There are also standards in place to help mitigate harmonics.  IEEE standard 519, Recommended Practices and Requirements for Harmonic Control in Electrical Power Systems states the following:

Computers and allied equipment such as programmable controllers frequently require ac sources that have no more than a 5% harmonic voltage distortion factor, … Higher levels of harmonics result in erratic, sometimes subtle, malfunctions of the equipment that can, in some cases, have serious consequences.”



Stage lighting dimmer packs and some audio amplifiers are big contributors of THD and/or PF problems.  Information provided by meters, such as the one depicted below, can benefit operators and technicians of power distribution systems, either permanently installed or portable.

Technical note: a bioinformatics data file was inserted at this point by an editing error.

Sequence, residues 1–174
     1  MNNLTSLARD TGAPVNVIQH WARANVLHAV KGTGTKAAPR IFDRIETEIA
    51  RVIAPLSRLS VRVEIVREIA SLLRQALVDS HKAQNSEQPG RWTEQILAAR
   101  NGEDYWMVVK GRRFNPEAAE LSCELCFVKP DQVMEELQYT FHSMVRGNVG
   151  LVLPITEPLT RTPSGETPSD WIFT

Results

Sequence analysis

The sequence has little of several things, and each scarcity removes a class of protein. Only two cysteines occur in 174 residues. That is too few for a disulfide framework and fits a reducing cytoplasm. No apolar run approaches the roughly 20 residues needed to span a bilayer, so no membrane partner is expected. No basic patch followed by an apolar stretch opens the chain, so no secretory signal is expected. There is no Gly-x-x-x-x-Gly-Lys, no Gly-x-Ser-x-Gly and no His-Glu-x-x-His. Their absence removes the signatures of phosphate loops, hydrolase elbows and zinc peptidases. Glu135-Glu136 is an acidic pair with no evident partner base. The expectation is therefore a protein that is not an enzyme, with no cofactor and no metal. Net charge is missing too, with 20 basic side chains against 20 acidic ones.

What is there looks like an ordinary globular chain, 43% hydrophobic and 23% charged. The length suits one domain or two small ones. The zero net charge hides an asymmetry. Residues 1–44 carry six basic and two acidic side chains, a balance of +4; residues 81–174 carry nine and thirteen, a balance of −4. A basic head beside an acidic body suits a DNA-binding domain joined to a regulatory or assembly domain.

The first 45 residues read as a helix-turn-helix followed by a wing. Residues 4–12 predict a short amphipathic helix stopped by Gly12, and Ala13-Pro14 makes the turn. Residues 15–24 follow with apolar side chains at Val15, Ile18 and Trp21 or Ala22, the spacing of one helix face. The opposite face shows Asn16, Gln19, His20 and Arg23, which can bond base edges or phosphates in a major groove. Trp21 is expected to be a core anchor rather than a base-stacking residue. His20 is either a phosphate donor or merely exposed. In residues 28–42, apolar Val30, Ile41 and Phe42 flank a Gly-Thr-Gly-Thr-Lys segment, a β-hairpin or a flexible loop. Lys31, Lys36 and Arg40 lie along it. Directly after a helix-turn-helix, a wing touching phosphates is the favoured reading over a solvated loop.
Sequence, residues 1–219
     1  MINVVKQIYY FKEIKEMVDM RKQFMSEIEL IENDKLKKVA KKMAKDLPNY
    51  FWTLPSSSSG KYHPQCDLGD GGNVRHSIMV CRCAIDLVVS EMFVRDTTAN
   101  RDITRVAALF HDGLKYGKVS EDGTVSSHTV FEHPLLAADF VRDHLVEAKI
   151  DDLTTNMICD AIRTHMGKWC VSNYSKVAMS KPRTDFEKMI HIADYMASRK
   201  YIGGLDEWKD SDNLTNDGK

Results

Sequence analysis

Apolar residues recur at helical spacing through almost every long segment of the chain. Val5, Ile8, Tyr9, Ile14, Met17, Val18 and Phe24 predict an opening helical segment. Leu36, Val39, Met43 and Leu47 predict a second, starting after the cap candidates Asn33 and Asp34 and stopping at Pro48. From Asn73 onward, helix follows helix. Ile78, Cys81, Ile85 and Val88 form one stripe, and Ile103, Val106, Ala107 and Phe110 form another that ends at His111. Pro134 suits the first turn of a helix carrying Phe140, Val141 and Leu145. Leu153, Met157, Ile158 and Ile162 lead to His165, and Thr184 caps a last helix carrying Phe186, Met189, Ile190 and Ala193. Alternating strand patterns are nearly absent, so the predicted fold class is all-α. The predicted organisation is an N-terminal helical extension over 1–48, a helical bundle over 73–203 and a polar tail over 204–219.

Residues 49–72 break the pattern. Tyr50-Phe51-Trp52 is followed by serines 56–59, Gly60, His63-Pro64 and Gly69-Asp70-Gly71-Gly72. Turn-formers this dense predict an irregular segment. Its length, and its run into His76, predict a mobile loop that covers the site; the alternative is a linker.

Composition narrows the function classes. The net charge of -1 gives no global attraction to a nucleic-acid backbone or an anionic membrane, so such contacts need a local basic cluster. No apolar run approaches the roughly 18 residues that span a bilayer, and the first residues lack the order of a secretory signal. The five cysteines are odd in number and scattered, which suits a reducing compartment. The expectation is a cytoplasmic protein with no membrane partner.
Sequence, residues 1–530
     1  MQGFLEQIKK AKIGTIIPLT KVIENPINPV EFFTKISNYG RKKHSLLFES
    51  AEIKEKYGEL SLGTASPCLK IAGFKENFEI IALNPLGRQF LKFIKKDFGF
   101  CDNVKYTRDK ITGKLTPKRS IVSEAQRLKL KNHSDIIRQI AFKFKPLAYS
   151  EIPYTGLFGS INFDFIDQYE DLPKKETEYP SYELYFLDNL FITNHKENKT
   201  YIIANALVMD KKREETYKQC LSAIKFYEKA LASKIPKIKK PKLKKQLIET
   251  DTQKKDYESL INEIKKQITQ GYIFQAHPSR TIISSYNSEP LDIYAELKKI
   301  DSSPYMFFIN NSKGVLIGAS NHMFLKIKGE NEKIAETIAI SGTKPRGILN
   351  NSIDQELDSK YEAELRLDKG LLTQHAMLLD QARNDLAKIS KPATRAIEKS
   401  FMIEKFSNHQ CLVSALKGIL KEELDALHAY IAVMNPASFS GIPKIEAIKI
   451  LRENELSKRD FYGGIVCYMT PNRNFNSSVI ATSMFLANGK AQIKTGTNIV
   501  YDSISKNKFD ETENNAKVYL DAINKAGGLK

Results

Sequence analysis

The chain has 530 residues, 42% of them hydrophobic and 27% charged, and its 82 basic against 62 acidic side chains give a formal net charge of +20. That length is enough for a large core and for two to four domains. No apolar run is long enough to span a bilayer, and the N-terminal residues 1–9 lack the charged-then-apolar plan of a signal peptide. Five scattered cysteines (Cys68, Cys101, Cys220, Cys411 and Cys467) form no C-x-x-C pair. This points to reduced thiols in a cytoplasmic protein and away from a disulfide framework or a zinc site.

This power meter is an example of the type that can display and record parameters of power specs.

Different modes of operation (depending on model) are available on the power meter.

  1. Standby Mode
  2. Voltage Current Frequency Mode (shown)
  3. Power Mode
  4. Power Factor Mode
  5. Total Harmonic Distortion Mode

Motion Laboratories PM Series Power Meter


Double Neutrals:

To combat damage from excessive heating of neutral conductors caused by harmonic currents, double neutral feeder connections and oversized busbars can be provided on most portable power distribution units.

In addition, multi-wire branch circuits should be avoided.  Common neutrals on these circuits can also be overloaded due to harmonics.


Jim Herrick


About the author:

Jim Herrick has over 40 years’ experience in the electrical field.  Licensed in the State of New Jersey as an Electrical Contractor (License #6748) and Electrical Inspector (License #7702).  Of the 40 years’ experience, 30 included work in the theatrical industry, which also included electrical equipment design for major companies in the industry.